The display in the Bull Ring was much like any promotional stand advertising cosmetics, or smartphones, or exotic holidays. There were banners, pennants, balloons, and a clutch of iPads. Only the promotional staff caught my eye; they were a bit less glamorous than the usual PR babes. But then, this was the British Medical Association lobbying in advance of the election.
I paused to look at the display, and was immediately approached by a doctor. She told me that they were fed up of re-organisations, targets, and general political gimmickry which got in the way of doing the job. As an example, she cited frustration with promises of more nurses, or doctors, or set waiting times for appointments as the sort of things that politicians offered voters during election campaigns, without the first thought of whether those things were either the best use of resources, or likely to deliver results quickly.
These things – specific promises to voters – are what’s known as ‘retail politics’. The idea is that you offer something specific, just as a supermarket might offer ‘buy one, get on free’. Three thousand nurses, right-to-buy social housing, discount Lloyds Bank shares, these are ‘retail offers’. And I don’t think it’s just doctors who are unimpressed by them,
Voters don’t believe the promises. Yet the politicians who make them, in the main, really mean to deliver. To the politician, a ‘retail offer’ is a tangible thing which ought to make voters warm to them, to make voters believe in their utter sincerity. A ‘retail offer’ should be something solid, unlike soaring rhetoric or idealistic, but abstract beliefs. A referendum next year on EU membership ought to trump an appeal for liberty, equality and fraternity. So why won’t voters buy it?
Partly it’s a matter of once bitten, twice shy. Things like that clever retail offer made by the Lib Dems before the last election on student tuition fees have soured the public’s appetite for such ‘promises’. Politicians. They’ll say anything to get in, and then they do the opposite. It’s a point of view, and not one without foundation.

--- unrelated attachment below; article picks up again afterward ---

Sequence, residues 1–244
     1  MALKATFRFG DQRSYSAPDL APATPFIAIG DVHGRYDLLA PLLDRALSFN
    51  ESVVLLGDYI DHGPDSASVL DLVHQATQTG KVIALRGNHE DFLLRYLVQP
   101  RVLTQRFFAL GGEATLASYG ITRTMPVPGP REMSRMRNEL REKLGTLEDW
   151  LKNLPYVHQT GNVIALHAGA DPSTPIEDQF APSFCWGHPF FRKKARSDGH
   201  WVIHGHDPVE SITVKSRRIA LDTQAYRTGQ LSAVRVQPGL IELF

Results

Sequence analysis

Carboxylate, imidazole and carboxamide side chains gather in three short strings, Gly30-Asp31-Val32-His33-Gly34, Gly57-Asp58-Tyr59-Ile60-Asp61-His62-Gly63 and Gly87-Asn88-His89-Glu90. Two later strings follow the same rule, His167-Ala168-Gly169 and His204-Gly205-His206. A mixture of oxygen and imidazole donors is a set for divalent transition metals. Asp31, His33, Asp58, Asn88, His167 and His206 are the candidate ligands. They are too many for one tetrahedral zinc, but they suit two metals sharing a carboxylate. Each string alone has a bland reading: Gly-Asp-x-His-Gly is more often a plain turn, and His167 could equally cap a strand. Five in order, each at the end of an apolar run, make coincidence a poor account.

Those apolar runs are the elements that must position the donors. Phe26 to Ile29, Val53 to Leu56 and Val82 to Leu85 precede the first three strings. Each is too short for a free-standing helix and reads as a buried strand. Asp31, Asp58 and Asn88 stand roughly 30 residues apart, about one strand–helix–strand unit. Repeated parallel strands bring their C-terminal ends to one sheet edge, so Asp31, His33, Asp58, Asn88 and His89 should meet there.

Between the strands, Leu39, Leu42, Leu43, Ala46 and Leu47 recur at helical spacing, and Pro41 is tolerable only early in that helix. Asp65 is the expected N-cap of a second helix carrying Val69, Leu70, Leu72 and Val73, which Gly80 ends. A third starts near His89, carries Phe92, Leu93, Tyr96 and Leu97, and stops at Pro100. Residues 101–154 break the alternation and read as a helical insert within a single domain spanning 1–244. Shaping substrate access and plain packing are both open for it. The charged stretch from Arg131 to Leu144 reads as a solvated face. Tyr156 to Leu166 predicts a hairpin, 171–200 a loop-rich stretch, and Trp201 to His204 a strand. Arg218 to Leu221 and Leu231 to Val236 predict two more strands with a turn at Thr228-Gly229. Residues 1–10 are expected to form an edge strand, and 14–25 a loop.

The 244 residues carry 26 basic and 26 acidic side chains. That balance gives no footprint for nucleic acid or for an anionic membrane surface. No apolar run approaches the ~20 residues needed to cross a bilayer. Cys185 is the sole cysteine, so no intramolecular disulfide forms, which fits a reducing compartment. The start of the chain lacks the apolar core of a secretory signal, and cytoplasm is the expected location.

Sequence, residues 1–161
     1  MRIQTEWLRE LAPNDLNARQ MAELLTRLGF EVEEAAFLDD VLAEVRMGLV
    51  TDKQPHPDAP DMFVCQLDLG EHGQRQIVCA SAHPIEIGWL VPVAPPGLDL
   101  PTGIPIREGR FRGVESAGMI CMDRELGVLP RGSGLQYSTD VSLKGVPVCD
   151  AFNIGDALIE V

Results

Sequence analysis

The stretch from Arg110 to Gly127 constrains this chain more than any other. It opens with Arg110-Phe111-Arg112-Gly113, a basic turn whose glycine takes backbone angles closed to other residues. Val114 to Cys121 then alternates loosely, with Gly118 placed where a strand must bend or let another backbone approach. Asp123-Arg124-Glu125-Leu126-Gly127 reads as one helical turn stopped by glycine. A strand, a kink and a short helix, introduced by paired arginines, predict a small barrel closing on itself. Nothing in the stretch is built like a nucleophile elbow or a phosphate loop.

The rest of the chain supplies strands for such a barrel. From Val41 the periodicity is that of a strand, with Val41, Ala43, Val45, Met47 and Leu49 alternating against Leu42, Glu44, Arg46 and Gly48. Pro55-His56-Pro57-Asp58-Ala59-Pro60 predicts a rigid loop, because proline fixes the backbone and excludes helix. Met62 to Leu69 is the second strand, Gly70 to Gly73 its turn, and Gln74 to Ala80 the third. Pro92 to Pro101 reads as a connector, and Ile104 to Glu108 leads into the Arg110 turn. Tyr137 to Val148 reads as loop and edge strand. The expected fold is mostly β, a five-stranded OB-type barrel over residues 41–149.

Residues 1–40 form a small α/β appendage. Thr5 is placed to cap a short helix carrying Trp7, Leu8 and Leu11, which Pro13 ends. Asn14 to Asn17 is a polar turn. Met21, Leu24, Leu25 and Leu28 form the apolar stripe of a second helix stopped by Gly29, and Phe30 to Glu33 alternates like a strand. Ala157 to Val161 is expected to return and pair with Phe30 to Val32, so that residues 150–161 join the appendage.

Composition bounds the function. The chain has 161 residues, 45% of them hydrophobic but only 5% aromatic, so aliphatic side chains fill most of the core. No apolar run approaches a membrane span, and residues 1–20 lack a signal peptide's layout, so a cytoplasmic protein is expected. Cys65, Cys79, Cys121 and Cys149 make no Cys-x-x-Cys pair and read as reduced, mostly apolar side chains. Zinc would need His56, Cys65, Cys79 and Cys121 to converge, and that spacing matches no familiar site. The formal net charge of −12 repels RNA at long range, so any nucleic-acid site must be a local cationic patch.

But mainly, I think, it is a reflection of the poverty of ambition in our political parties today. Voters are cynical about politicians, and so politicians are cynical about voters in return. Offer something simple that the morons can understand. It’s a vicious cycle of diminishing esteem.
Scotland’s different. Because in the independence referendum debate, nobody much believed in the numbers. What mattered was the vision. That sense of a vision, that things can be different, better, is much more motivating than a paltry retail offer. I happen to think that the Scottish referendum campaign was dishonest, as the real choice was about nationalism, not about social democracy, but it did show very clearly how apathy can be turned into activism given the right words.
I can anticipate some of the objections to this argument. There are big, competing visions on offer in the election. The Tories and Lib Dems are Neo-Liberals offering a small-state, freewheeling, globalised turbo-capitalism in which widening social inequality is an acceptable price to pay for a ‘strong economy’. I don’t find that argument persuasive, even on its own terms, but I can’t deny that it’s a big vision.
Labour offers a competing vision. It is actually a pretty inchoate vision at present. It’s a rejection of the narrow focus and economic conservatism of New Labour, but it isn’t a fully realised social democratic vision, either. Labour’s rediscovering its heart, even if it hasn’t yet wholly engaged its brain.
For me, this election campaign has been, as they say on reality TV programmes, a journey. I began as someone who stopped voting Labour ten years ago, and who’d been deeply suspicious of New Labour even in the early, optimistic years of the 1990s. I really didn’t know how I’d vote, or even whether I’d vote. But this coalition government, in effect a fully blue-blooded right-wing Conservative government barely impeded by a few ineffectual Lib Dems who in any case shared most of their economic vision, repelled me. I knew that I had to engage with the election campaign.
Along the way I’ve met good people. And I’ve detected in Ed Miliband and some of the people around him a sense that the direction of travel has changed. Andy Burnham has learned from Labour mistakes in office. His vision for the NHS is closer to the founding principles than any Health Secretary since Frank Dobson. Miliband himself shows a wariness about ‘liberal interventionism’ that even the Attlee government didn’t have when they sent gunboats to Iran. There are others in the party who do not offer a new vision, including Yvette Cooper and Ed Balls, but they don’t have the air of people who will decide the party’s direction.
So it comes down to this. I don’t much care about manifestos, retail offers, slick presentation, and the like. I care about the direction of travel. For whom will a party govern? What interests will it champion, and whose interests will it challenge? Will it be brave in the face of determined forces and huge difficulties? Will it give us hope?
I can’t say that Labour will offer those things – if I could, I might join – but there’s just a sliver of hope there, and that’s the best I’ve been offered for a couple of decades now.
So I’ll vote Labour tomorrow.